Here are 6 sentences from a new scene I added to my first book, Outside In. Alexis’s mother has come to visit her at boarding school.
“She looked around the room again, checking for God knew what. Hidden boys? Hidden bad grades? She paced around again, and opened the middle drawer of my dresser. Oh. She’d done that before—glad I’d double-checked the folding and arrangement of the clothes.”
I haven’t been blogging recently, so what’s the easiest way to get back into posting? Post six sentences I wrote a long time ago, and hope that constitutes a post.
These six are from my first manuscript, Outside In. Alexis goes into her ex-boyfriend’s room at boarding school.
Being in his room transported me back into the world of our relationship. I walked unsteadily over to his bureau and stroked his comb, his tissue box, and his change. I picked up a quarter, rubbed it, and shoved it into my pocket. I stumbled over to his bed and lay down with my head on his pillow. His pillow smelled like him, musty and a little sour, precious anyway. God, I’d loved him.
Six sentences from my current WIP:
Rachael stared four rows over and one row up at her friend Katie, but couldn’t get her attention. Katie was writing super-fast in her notebook, probably composing a letter about global warming to the president or something. Whatever she was doing, she was totally into it, pulling a curl around her index finger so tightly that Rachael worried she’d break the pinkish strands. Unless Rachael stood on her head naked and yelled out Katie’s name, there was no way she could pull her out of her Katie bubble.
Rachael sighed. No Katie distraction today.
WRITING PROMPT: Write about tomorrow.
By the time I’m writing this
Today is tomorrow.
Its face hasn’t settled in yet.
Woke up with inspiration
On my face
Jotting down words on paper
And writing them in cursive
On the shower door.
Next my face matches the mist
And I’m driving to church, hoping
Next the face
As I steal a nap
To bury the loneliness.
And the face brightens –
Cling to this face
For it’s as temporary
As the day itself.
Some poetry, this time- NIGHT TIME
At my in-laws’ window.
Away from everything
To hide and think
And maybe cry.
So no one would know
I was even there.
Everything’s in shadow
And cast into eerie molds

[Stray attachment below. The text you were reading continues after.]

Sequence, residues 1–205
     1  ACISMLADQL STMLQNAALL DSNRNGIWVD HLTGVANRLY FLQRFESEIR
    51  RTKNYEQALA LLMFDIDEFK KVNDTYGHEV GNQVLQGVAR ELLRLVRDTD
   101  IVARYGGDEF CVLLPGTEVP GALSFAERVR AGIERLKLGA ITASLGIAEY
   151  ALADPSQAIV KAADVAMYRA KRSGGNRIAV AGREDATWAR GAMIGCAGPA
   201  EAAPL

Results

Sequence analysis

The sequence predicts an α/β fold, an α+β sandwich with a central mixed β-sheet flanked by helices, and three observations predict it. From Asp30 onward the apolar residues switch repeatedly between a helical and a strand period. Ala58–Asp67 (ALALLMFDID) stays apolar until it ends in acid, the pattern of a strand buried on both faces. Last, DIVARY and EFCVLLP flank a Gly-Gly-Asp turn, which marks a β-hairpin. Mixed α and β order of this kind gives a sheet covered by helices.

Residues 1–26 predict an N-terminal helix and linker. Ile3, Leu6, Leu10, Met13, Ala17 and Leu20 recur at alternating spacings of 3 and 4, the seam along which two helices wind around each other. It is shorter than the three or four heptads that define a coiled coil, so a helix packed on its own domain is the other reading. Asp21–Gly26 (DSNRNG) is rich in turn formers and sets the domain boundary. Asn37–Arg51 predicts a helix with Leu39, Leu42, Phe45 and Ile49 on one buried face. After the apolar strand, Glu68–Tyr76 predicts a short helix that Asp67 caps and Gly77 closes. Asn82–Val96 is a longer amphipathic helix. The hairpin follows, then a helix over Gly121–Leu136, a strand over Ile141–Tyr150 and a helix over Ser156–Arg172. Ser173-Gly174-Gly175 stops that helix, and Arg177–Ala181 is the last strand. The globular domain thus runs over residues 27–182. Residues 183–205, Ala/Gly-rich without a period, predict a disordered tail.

With ghostly pieces.
I find the loveseat
And sink in
Although it’s for show
Head in my hands
Looking at the trickling snow
Watching the shadows
As my eyes attune themselves
As my thoughts
And I can
Return to bed
More substantial than before.
This is from a new story, maybe 1,000 words written so far.
Izzy and Matt slouched against her locker, him leaning on her, pressing her arms at her sides, kissing her hard enough that they were the only ones in the hallway or maybe the school. Izzy’s torso crumpled in but she didn’t care—Matt’s weight rebuilt her, and if her hair got messed up, so much the better. It gave her that loved/smeared look she wore like a crown. Matt’s girlfriend. Matt’s skin and lips and hair and legs.
The bell rang and they unhooked from each other.
From my finished (!) contemporary YA, Outside In, a Christmas moment:
“From my mom, pajama pants and sweatpants for her lazy, chubby failure of a daughter. And a Moleskine notebook, maybe so I’d take even more notes in class.
Courtney got piles of Ann Taylor sweaters, size two. I knew they’d fit her exactly, because everything always did. Sweatpants vs. clingy sweaters—kind of obvious what my mother thought of us. I slumped off to put my presents in my suitcase.”
Here’s six sentences from a new novel I’m drafting. In a school play, Rachael is playing the part of Elizabeth, a timid bullied girl, and is trying on the character during the normal school day.
“She focused on Elizabeth and in a moment she was Elizabeth. Elizabeth, not Rachael, looked up words in the dictionary. Elizabeth glanced at the teacher every so often to make sure that he wasn’t looking at her, that she wasn’t going to get in trouble for anything. She also didn’t work as quickly as Rachael had. Elizabeth double- and triple-checked the definitions before she wrote them. Even Elizabeth’s handwriting was different; Rachael’s was loose and straight up and down, Elizabeth’s slanted and narrowed.”
“I logged onto Facebook, but I couldn’t look right away. I checked my news feed, played Bejeweled Blitz, Scrabble, and Scramble, in the same order I always did. I only had 48 friends, unilike Miranda who had hundreds. Too bad I couldn’t post a truthful status. Alexis Holden…is an idiot. Is not worth your time. Sucks. Can’t do anything right. Isn’t good enough. Is disgusting.
I opened Ben’s profile so I could stare at his picture, and my eyes traveled down the left hand side of the page. Oh my God. That was fast. His relationship status had changed to “single.” Not even “it’s complicated?” How about “just broke my girlfriend’s heart?” At least he hadn’t unfriended me. Yet.”
“The teacher told us to pay attention to our breathing, and said if a thought came into our heads we should pretend to write it on a balloon and let it go. If a thought came? Right. As if my mind ever quieted. Still, I gave it my best try.
Breathe. Breathe. What color would the balloon be? Would I write on it with a Sharpie? What color Sharpie? Would it pop, or blow away?
Breathe. Are everyone else’s eyes closed? Better close mine. Is my shirt riding up? Better pull it down.
Breathe in, out. In, out. In, out. How is that girl so thin? Does she even eat? Stop thinking.
Breathe. In and out, and in and out. I am the biggest person here. I am the ugliest person here. How do you write that on a balloon? Stop.
Breathe. Inhale. Exhale. Again. Don’t cry. Everyone will notice.”